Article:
Fundamental liberties such as free speech must not be trampled on in the fight for national security, the terrorism watchdog has warned.
Max Hill QC made the caution as he expressed concerns about Extremism Disruption Orders (EDOs) and other measures against ‘non-violent extremists’.
The Christian Institute and other groups have warned against EDOs with the Defend Free Speech campaign.
In a speech to the JUSTICE human rights group, Hill noted that the UK’s legal system “enshrines fundamental freedoms we must uphold even in the face of terrorism”, with “one of the most celebrated freedoms of course being freedom of speech”.
Cautioning that there should be a “pause before rushing to add yet more offences”, he said Parliament “should not criminalise thought without action”.
Hill, the independent reviewer of terrorism legislation, argued that there should be a clear divide between violent and non-violent extremism.
“Before this year’s Queen’s Speech, we anticipated the roll out of a Counter Extremism Bill – in other words, statutory intervention on the non-violent side of the divide.”
We as a nation must not be terrified, nor must we allow our Parliament to enact measures that might make things worse not better.
‘Stick to beat’
He added: “You will recall the proposals for Banning Orders, Extremism Disruption Orders and Closure Orders.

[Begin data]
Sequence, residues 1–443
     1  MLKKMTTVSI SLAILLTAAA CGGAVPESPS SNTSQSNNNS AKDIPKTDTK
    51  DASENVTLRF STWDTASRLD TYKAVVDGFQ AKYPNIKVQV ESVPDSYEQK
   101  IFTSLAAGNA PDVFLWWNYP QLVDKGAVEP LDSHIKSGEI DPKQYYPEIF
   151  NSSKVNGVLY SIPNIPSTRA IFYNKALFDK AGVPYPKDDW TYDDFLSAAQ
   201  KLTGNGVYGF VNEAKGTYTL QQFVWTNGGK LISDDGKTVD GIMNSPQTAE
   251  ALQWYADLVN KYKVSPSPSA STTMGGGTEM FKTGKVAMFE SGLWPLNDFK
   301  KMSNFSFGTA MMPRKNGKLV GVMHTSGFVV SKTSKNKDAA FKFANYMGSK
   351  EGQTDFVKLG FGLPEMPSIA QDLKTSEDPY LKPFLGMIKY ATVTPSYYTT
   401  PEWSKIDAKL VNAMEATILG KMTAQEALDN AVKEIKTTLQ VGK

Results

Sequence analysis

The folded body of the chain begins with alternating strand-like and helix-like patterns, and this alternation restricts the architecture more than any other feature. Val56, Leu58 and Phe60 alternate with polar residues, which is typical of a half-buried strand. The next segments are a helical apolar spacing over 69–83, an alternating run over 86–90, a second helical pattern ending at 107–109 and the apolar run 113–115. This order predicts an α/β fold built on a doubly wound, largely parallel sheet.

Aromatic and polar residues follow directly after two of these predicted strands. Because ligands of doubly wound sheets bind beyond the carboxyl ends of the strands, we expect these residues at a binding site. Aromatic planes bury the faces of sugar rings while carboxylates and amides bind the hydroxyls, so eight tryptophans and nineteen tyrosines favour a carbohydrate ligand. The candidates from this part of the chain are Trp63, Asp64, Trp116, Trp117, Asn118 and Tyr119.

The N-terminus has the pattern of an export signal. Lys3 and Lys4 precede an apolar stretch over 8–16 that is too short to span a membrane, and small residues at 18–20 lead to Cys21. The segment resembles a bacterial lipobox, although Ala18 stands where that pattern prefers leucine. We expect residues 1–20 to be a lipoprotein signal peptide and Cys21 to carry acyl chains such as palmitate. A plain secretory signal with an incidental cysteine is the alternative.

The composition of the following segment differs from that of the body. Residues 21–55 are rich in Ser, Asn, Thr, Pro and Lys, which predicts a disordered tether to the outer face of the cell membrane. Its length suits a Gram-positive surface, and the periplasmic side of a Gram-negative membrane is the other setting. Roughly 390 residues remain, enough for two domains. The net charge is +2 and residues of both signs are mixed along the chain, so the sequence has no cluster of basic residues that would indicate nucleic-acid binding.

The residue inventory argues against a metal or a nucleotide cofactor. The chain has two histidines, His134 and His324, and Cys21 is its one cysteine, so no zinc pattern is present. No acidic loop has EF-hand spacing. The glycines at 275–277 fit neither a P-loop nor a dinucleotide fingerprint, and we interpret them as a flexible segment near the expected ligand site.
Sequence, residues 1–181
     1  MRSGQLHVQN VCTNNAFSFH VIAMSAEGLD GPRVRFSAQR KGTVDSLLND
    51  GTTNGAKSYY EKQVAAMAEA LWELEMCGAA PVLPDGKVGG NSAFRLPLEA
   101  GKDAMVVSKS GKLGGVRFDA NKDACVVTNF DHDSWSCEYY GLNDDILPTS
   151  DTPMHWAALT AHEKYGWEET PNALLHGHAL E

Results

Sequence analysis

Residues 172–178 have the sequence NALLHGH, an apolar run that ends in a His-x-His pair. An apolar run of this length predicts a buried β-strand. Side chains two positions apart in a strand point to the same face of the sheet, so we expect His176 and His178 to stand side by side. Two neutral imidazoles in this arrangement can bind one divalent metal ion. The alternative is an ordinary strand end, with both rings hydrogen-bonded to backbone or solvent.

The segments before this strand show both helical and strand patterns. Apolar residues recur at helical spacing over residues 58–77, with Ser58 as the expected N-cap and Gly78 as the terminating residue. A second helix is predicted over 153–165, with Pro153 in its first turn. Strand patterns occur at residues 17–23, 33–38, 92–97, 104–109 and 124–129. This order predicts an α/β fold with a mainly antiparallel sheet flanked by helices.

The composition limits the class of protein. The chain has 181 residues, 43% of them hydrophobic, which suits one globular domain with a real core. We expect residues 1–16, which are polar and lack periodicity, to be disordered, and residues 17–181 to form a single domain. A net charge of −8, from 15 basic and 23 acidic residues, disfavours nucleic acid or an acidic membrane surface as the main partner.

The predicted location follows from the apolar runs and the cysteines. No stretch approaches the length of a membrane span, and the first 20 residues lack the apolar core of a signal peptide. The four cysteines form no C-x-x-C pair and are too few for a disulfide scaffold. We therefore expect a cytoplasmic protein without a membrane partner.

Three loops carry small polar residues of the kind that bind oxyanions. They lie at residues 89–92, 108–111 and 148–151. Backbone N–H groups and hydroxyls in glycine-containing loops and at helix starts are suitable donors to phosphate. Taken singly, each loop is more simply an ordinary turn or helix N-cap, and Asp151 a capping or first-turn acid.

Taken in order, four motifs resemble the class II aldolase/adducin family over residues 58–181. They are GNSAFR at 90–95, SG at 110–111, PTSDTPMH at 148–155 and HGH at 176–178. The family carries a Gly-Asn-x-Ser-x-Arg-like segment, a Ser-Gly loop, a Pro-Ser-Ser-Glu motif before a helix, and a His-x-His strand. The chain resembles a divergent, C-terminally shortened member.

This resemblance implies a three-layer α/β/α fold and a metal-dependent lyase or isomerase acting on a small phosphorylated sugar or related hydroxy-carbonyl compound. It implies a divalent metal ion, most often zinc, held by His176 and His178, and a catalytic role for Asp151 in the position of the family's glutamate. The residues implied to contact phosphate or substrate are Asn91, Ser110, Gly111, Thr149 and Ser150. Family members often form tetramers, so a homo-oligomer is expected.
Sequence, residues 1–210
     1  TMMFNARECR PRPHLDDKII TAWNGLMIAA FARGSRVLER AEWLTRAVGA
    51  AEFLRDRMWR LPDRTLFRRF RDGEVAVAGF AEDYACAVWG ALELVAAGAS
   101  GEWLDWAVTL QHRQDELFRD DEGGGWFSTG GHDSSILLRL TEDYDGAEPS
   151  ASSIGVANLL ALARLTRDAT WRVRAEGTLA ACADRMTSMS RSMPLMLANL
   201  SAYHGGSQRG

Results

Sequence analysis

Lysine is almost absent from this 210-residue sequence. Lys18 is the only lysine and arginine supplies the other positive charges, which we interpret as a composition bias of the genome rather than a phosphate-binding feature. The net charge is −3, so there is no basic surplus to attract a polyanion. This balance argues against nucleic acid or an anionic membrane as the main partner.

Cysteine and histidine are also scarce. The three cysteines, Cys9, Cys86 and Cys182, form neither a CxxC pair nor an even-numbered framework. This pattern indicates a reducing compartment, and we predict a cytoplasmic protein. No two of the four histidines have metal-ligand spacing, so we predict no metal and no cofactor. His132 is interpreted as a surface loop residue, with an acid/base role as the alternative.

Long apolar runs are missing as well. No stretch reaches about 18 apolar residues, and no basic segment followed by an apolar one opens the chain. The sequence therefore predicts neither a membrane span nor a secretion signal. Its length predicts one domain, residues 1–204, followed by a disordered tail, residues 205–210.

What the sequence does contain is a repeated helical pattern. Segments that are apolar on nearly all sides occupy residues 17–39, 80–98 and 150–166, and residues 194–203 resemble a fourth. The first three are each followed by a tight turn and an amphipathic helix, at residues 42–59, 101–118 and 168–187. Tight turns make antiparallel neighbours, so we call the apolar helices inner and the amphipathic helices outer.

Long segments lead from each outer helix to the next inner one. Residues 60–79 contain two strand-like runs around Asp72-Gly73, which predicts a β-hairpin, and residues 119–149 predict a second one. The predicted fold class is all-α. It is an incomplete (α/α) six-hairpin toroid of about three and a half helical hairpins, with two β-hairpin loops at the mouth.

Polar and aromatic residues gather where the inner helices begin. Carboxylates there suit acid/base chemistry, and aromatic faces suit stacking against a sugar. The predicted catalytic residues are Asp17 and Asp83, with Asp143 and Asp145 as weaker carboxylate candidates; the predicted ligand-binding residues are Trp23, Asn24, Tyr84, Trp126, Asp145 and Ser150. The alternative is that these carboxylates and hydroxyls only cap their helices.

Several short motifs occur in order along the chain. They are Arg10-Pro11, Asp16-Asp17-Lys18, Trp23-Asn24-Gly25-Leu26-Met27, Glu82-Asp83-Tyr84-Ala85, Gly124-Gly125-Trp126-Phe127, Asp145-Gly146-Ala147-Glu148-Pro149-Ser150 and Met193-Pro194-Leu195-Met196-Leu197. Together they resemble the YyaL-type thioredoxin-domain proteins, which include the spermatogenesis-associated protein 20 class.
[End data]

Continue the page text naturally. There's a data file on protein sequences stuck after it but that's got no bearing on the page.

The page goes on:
“If any or all of them make a reappearance, that will be evidence, for me, of the creation of criminal sanctions, formal consequences which fall on the wrong side of the divide”.
Hill told the audience that society must not forget “that the struggle for national security must not be used as a stick to beat down the rights we hold dear”.
“If that were to happen, terrorism would have prevailed”, he added.
He declared: “We as a nation must not be terrified, nor must we allow our Parliament to enact measures that might make things worse, not better.”
The Christian Institute’s Simon Calvert told Trans World Radio that he was concerned about the Government’s idea of extremism.
He said “non-violent extremism” was being used as a “vague and elastic concept which lots of people are worried could catch them”.
Instead, Mr Calvert added, violent terrorism should be targeted.
Earlier this year, Max Hill’s predecessor warned that people who practise their faith in a traditional, conservative way could face police investigations under a Government Extremism Bill.
David Anderson QC cautioned that people who are ‘miles away from terrorism’ could be caught up by a ‘broad-brush’ law on extremism.